@job_id=N'00000000-0000-0000-0000-000000000000';
GO
EXEC msdb.dbo.sp_add_notification @alert_name=N'Severity 025', @operator_name=N'DBA', @notification_method = 1;
GO
EXEC msdb.dbo.sp_add_alert @name=N'Error Number 823',
@message_id=823,
@severity=0,
@enabled=1,
@delay_between_responses=60,
@include_event_description_in=1,
@job_id=N'00000000-0000-0000-0000-000000000000'
GO
EXEC msdb.dbo.sp_add_notification @alert_name=N'Error Number 823', @operator_name=N'DBA', @notification_method = 1;
GO
EXEC msdb.dbo.sp_add_alert @name=N'Error Number 824',
@message_id=824,
@severity=0,
@enabled=1,
@delay_between_responses=60,
@include_event_description_in=1,
@job_id=N'00000000-0000-0000-0000-000000000000'
GO
EXEC msdb.dbo.sp_add_notification @alert_name=N'Error Number 824', @operator_name=N'DBA', @notification_method = 1;
GO
EXEC msdb.dbo.sp_add_alert @name=N'Error Number 825',
@message_id=825,
@severity=0,
@enabled=1,
@delay_between_responses=60,
@include_event_description_in=1,
@job_id=N'00000000-0000-0000-0000-000000000000'
GO
EXEC msdb.dbo.sp_add_notification @alert_name=N'Error Number 825', @operator_name=N'DBA', @notification_method = 1;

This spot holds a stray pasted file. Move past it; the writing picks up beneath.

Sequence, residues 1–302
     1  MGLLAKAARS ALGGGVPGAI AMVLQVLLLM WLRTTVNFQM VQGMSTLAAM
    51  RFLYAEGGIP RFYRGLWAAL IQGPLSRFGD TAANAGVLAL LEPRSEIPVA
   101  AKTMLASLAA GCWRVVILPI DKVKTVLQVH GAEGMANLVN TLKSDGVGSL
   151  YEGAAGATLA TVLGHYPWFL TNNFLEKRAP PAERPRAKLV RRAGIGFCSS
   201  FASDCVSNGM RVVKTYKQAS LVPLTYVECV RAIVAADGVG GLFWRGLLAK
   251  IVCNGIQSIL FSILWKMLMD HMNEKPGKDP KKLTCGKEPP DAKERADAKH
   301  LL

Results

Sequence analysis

GO

Errors 823, 824 and 835 are caused by errors with Windows API (ReadFile, WriteFile, ReadFileScatter, WriteFileGather) performing I/O operations. These may be triggered by hardware failure and could indicate a need to increase your hardware budget.

Severity 16 through 25 cover a variety of issues, including corruption. In terms of corruption lets look at 22, 23 and 24. This is a terse version of the MSDN entries.
22: Indicates that the table or index specified in the message has been damaged by a software or hardware problem.
23: Indicates that the integrity of the entire database is in question because of a hardware or software problem.
24: Indicates a media failure. The system administrator may have to restore the database. You may also have to call your hardware vendor.

These errors rarely occur, but when/if they do run DBCC CHECKDB to find what objects are damaged.  There are several methods of getting your database back to a consistent state that range from easy and good (restoring from backups) to less than optimal (DBCC CHECKDB REPAIR_ALLOW_DATA_LOSS) to methods that border on black magic (DBCC WRITEPAGE). All of these require practice.